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Three writers look at Parsi life through Mumbai-born author Rohinton Mistry’s nuanced lens

Updated on: 02 July,2022 10:55 AM IST  |  Mumbai
Sammohinee Ghosh | sammohinee.ghosh@mid-day.com

Ahead of Mumbai-born author Rohinton Mistry’s 70th birthday tomorrow, three writers look at the city of refuge through his sensate world of words

Three writers look at Parsi life through Mumbai-born author Rohinton Mistry’s nuanced lens

Rohinton Mistry. Pic Courtesy/Getty Images


The writer who has killed his darlings


I had not visited a Parsi Baug before I read Tales from Firozsha Baag. But when I walked into Cusrow Baug in Colaba — to meet Gieve Patel [poet], I think — I was struck by a sense of deja vu. I knew this because I had lived it; because I had read it. I have read all of Mistry’s books, and remember the shock of surprise on finding someone readable, relatable and enjoyable. His writing style has a cleanness and clarity.


There’s no fat in his writing, no self-indulgence or clever postmodernist posturing. It is literary writing of the highest order because it is simple, and simplicity comes at a huge cost. Mistry has killed his darlings. After reading Tales from Firozsha Baag, I knew I would keep going back to it again and again. Then, came the ambition and craft of A Fine Balance; the creator steps out of the nuances of a Parsi society and inspects caste, class and occupation acting on people during the Emergency. Family Matters made me weep because it brought old age up close. I re-read the title after the death of my friend, Mehlli Gobhai [abstractionist artist], and found it as deeply affecting.

Now suddenly, I want to read Such a Long Journey again because I especially remember the relationship between Gustad Noble and his friend. About Parsi culture and Indian-ness, I can recall a strange moment from one of his novels, where a young man was asked to show his bicep. It was then compared to a mango. The comparison was so startling that it has stayed with me. There’s also the mention of an “empty-stomach smell” that Dina Dalal — one of the main characters in A Fine Balance — identifies when two men present themselves as tailors. Also, her very Indian segregation of teacups caught my eye. 
Jerry Pinto

Popularising the Parsi community

I reckon one reads Mistry for authenticity, for plot, for characters, and the tumultuous arch that is life itself. I feel no writer has done as much to demystify and popularise the Parsi community in print as Mistry has. The genial camaraderie, the charming idiosyncrasies, the unabashed social interactions, a love of food, literature and life — Mistry’s books have all of those aspects that make Parsis great friends to have, and a singular community.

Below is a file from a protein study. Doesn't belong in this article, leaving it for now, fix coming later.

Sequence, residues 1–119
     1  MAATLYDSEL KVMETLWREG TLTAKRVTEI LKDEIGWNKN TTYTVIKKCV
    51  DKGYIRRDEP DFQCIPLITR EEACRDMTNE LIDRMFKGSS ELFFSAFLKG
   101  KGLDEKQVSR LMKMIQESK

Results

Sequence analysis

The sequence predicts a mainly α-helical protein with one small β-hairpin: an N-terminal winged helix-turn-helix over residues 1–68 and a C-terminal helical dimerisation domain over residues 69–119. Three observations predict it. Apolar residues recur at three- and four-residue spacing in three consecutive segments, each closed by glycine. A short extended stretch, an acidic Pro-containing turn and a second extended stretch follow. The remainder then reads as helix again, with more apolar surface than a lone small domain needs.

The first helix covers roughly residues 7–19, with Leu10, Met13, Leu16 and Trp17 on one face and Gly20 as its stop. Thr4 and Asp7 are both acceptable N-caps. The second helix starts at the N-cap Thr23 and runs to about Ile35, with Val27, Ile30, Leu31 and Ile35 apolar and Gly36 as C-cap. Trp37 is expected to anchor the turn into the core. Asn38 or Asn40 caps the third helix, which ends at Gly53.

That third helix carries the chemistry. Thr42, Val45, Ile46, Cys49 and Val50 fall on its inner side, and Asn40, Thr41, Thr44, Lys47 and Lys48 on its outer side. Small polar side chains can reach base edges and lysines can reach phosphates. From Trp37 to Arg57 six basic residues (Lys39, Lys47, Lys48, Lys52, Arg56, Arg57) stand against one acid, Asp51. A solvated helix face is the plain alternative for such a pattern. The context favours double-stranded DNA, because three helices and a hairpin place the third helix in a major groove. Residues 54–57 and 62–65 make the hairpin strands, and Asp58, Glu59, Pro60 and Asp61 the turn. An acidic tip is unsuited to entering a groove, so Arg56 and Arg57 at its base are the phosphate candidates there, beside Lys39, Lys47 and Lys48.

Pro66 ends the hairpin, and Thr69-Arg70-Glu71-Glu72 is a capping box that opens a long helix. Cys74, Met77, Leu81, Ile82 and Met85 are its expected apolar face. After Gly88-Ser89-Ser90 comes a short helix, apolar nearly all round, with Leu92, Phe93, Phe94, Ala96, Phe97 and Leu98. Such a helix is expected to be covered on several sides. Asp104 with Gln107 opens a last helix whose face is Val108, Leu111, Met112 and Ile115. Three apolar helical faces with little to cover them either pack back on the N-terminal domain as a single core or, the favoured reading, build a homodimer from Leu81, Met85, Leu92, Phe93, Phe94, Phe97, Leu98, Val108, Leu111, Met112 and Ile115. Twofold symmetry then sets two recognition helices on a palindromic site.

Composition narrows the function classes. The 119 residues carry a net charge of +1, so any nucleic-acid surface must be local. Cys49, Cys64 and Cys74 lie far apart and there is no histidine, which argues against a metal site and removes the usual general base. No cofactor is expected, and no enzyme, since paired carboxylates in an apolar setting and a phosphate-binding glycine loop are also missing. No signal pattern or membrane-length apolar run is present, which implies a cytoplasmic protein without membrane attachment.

Murzban F Shroff

From someone who cares

Mistry’s writing makes for a richly textured narrative. I like his cinematic flair for detail and the effortless recreation of colloquial speech. Such a Long Journey is set against the Bangladesh refugee crisis; it brings that middle-class Parsi experience in Mumbai to life. The story involves a RAW officer destroyed by then Prime Minister Indira Gandhi. I finally read this highly recommended debut novel of his last September, 30 years after its release.

It was an immersive read, especially in the context of the vacuum created by the series of lockdowns. I found myself transported to the book’s setting, a rundown Bombay Parsi colony with vivid characters battling a range of social and emotional conflicts, from the forever-looming threat of poverty to the disintegration of relationships. Despite the novel’s merits, I felt it fell short from a feminist perspective. Its women characters are neither well-rounded nor do they enjoy agency or an inner life of significance. Mumbai’s Parsi community, small in number and fiercely protective of its traditions, is somewhat of an enigma to the outsider.

The Tower of Silence at Malabar Hill. Pic Courtesy/WIKIMEDIA COMMONS
The Tower of Silence at Malabar Hill. Pic Courtesy/WIKIMEDIA COMMONS

Mistry welcomes us into it. He brings out the nuances of everyday life, as well as the great moral struggles of the community, with a loving hand and an exacting eye. Far from the extravagances of the elite, the book focuses on those living on the economic fringes of society. Whether it is the grotty home of a Miss Havisham-like middle-aged eccentric or funeral rites within the Tower of Silence, the reader is allowed entry into secret spaces in the company of someone who knows and cares. What struck me as special was his ability to highlight the struggles and complexities of characters that in other works of fiction would have remained ethnic caricatures. 
Rehana Munir

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